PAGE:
YORK, Maine (NEWS CENTER) -- Surfers in York hit the waves Wednesday from morning to night to make the most of storm swells from Tropical Storm Jose.

Waves peaked as high as six feet early Wednesday morning at Long Sands Beach, while Higgins Beach in Scarborough saw some as high as ten feet.

"This is the stuff we wait for -- we live for this stuff," said Christopher Wilson, who has surfed for nearly 25 years. "I'll wake up early sometimes and I'm just like it's only 3 a.m.? I wish it was 5 so I could go right now. Yeah, you wake up thinking about it."

After Labor Day, the majority of Maine beaches do not have full-time lifeguards. Still, adventure-seekers paddled out.

"There are so many weather systems giving us waves you just lose track," said Roger Wharton. "It's nice to have some energy in the water. It makes life a lot easier out there because it's less effort to surf them because there's more power in the water."

Surfers said they expect the large waves to continue this week, and anticipate even more from the after-effects of Hurricane Maria.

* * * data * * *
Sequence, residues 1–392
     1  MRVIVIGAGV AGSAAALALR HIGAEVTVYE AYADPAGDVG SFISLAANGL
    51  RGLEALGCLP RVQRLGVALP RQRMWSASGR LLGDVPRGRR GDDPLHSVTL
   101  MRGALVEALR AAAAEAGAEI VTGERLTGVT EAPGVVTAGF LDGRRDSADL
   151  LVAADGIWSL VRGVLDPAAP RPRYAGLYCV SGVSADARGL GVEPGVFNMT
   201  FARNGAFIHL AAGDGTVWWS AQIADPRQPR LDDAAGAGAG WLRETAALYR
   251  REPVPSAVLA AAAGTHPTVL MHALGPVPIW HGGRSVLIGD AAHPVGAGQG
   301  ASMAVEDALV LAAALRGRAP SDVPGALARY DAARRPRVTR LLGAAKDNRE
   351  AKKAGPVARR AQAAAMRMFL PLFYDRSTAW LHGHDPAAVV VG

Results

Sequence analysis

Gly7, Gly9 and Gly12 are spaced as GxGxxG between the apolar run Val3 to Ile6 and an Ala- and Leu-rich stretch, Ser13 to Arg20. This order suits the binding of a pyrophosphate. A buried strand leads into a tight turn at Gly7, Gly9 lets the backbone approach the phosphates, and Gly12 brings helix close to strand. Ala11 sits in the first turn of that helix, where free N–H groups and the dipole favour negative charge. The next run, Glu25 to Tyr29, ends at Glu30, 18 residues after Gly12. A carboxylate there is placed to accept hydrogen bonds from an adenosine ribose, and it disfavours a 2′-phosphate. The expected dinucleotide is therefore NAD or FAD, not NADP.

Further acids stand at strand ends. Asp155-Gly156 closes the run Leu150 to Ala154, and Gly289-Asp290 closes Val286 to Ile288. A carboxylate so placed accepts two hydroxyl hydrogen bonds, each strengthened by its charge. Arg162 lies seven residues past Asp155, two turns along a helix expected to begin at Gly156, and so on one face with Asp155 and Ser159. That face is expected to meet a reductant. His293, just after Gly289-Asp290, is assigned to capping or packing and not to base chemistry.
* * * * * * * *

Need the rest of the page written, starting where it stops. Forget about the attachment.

"Today was really big and hopefully it will get better," said Theolonius Dutton, who was surfing at Higgins Beach.

Despite the risk and the adrenaline rush, surfers said gliding across a glassy wave is peaceful.

"It's a balancer -- it's life balance. No matter what goes on for the rest of the day, no matter what comes, the day is complete," said Wharton.

"There's nothing like catching a wave and going down the line. There's no other feeling like it -- it's the stoke," said Gia Fillmore.

Fillmore said her family is from Puerto Rico, and is being hit now by Hurricane Maria. Fillmore said she spoke with her father early Wednesday and he said he was okay, but that the storm damaged his home.

"All of the windows have gotten blown in and the eye of the hurricane hadn't even gone by where he was yet. Just kind of praying for him out there, praying for my people in Puerto Rico, hoping for the best," said Fillmore.

Fire departments warn anyone going out in the water or looking at the water to be safe.

Firefighter/paramedic Jack Cooper said these storm swells are bringing rip tides and under tow, no matter what time of tide. Other departments urged surfers to be well-secured to their board with a leash, and to surf with a buddy if possible. They also recommended that people check in with friends and family to let them know when you should be done with your activities, and as always, if you are tired, get out of the water.

Cooper also said people should be careful riving along roads near shore, because waves that splash over can have rocks in them.